Maximising law firm profits can be as much about lawyer well being as it is about billable hours.
So often we hear about “successful” individuals linking their success to how little sleep they need and the fact that they eat stress for breakfast, lunch and dinner, with a little more thrown in for dessert or a late-night snack. And, for many high-flying professionals it’s a given that stress comes with the role, supposedly balanced out by the healthy pay that comes with it.
Lawyers are no exception, with caseloads being so extreme at times that some may feel they’re doing the work of three people, grinding themselves relentlessly because expectations around billable hours and fulfilling client needs are bordering on unreasonable.
This isn’t to say this is always the case, of course, but it’s definitely a thing, and leads to a discussion of how lawyer well being can often be sacrificed on the altar of productivity.
The unfortunate downside of this is the impact such has on the lawyer’s physical and mental health, leading to poor lifestyles choices around diet and exercise, the creation or exacerbation of pre-existing mental health issues, and, in extreme cases even more dire outcomes.
Lawyers averaged 53 work hours per week, with 20% of billable hours more than 80 hours per week
Around 60% of lawyers were satisfied with their job, but 35% were neutral and 6% were unsatisfied
Disrupted sleep, anxiety, issues with personal relationships and depression were the most pressing mental health issues identified in the survey
The counterpoint to this is an increasing number of studies that correlate employee well being with greater productivity.
In a 2019 meta-analysis study by Jan-Emmanuel De Neve, Christian Krekel and George Ward – “Employee wellbeing, productivity and firm performance,” 339 independent research studies were collated, covering the wellbeing of nearly two million employees from 230 independent organisations across 49 industries.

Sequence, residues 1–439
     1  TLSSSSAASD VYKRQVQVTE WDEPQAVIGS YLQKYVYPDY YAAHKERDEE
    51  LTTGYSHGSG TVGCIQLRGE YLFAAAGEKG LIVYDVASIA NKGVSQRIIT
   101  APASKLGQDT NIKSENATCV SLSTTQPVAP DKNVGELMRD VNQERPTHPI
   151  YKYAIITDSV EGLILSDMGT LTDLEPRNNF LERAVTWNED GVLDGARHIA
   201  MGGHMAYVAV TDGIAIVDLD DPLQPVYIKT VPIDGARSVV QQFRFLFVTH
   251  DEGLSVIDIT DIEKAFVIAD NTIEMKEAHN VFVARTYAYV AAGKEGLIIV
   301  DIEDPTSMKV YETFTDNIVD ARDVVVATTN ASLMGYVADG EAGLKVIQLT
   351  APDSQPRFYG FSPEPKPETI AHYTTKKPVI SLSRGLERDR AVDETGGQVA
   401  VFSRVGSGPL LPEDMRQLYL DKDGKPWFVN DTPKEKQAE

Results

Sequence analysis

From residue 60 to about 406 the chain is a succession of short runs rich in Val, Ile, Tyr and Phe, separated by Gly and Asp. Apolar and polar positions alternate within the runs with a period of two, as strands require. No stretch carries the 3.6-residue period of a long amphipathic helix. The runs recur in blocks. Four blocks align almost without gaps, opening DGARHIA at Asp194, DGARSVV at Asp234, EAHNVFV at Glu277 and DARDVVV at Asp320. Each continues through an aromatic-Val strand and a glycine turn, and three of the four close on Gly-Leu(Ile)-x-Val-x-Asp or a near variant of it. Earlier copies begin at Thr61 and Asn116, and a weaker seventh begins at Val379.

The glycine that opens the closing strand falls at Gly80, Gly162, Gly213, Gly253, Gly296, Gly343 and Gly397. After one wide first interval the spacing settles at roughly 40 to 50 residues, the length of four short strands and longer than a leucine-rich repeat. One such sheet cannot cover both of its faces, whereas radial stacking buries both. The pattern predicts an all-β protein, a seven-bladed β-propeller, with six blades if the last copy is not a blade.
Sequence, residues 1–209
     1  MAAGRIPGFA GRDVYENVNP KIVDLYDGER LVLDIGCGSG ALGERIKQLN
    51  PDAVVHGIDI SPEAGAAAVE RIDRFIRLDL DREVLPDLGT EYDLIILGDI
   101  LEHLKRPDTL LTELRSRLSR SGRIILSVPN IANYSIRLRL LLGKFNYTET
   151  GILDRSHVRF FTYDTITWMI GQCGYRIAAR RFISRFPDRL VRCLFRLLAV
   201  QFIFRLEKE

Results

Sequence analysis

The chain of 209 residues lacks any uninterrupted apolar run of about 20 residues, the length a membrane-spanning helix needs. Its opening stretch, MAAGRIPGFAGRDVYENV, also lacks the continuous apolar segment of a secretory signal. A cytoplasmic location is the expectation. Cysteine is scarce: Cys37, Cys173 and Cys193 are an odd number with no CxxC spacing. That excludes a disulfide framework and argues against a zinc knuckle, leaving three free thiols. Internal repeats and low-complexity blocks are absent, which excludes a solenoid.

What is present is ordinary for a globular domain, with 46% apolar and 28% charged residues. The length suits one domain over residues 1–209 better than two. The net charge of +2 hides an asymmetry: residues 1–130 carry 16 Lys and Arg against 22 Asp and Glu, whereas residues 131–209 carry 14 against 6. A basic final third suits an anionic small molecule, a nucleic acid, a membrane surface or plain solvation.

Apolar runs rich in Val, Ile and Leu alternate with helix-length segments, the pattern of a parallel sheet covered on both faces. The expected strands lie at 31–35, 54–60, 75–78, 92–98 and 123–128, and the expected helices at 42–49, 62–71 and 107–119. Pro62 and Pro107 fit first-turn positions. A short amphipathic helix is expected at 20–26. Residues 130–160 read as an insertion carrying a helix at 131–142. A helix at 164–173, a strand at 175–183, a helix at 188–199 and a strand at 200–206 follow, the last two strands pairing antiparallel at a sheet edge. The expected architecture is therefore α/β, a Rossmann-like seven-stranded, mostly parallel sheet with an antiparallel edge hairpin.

It’s main findings won’t come as a surprise to many:
“…a significant, strong positive correlation between employees’ satisfaction with their company and employee productivity and customer loyalty, and a strong negative correlation with staff turnover. Ultimately, higher wellbeing at work is positively correlated with more business-unit level profitability.”
Throwing us all a major curve-ball was the global pandemic, which led to a massive shift in the way we lived and worked throughout much of 2020 and 2021, which in turn led to a rethink on working from home, increased workplace flexibility, and more broadly, work-life balance and well-being.
Shifting attitudes in the legal profession about lawyer well-being were clearly reflected in a 2022 study out of the Department of Psychiatry and Behavioral Sciences, University of Minnesota.
What studies like these – and our professional and personal experience of life during a global pandemic – all point to is the obvious: That while billable hours may see the dollars roll in, being attentive to lawyer well-being may prove even more critical to overall profitability.
How to improve lawyer well being
Finding the balance between meeting client needs, managing caseloads and ensuring lawyer well being requires nuanced management by law firms.
But rather than put it in the too-hard basket, implementing policies and procedures that address this need, and importantly incorporate more attention towards lawyer well being, will improve retention, cohesion and, ultimately, more sustainable long-term profitability and growth of a firm.
Some simple solutions, particularly now that the hybrid work life appears set to stay for many, include:
Resourcing appropriately on cases or projects to ensure lead lawyers are not overworked
Putting in place a formal flexible or work-from-home policy that is clear, fair and a strong nod to lawyer well being
Where dispersed teams and hybrid working is permanent, the creation of situations where engagement is emphasised, encouraged and fostered either through enhanced tech or via face-to-face professional and social gatherings
Keeping lines of communication open and encouraging feedback so as to be able to constantly improve these supporting policies and procedures
And, of course, the most obvious solution to improving lawyer well being is to set up a health and well being program that formalises a firm’s commitment to this as part of the overall package of working with the firm.
The bottom line? Lawyer well being is good for practice and the sooner firms embrace the need to acknowledge how important it is, the sooner they are on the path to retaining and attracting the best lawyers out there and in doing so build a strong and profitable business.
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